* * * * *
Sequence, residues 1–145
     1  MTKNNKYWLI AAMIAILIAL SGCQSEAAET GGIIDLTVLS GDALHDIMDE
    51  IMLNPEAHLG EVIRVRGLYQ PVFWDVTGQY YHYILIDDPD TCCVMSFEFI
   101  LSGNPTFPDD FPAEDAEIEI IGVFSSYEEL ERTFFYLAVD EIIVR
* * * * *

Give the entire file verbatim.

Sequence, residues 1–145
     1  MTKNNKYWLI AAMIAILIAL SGCQSEAAET GGIIDLTVLS GDALHDIMDE
    51  IMLNPEAHLG EVIRVRGLYQ PVFWDVTGQY YHYILIDDPD TCCVMSFEFI
   101  LSGNPTFPDD FPAEDAEIEI IGVFSSYEEL ERTFFYLAVD EIIVR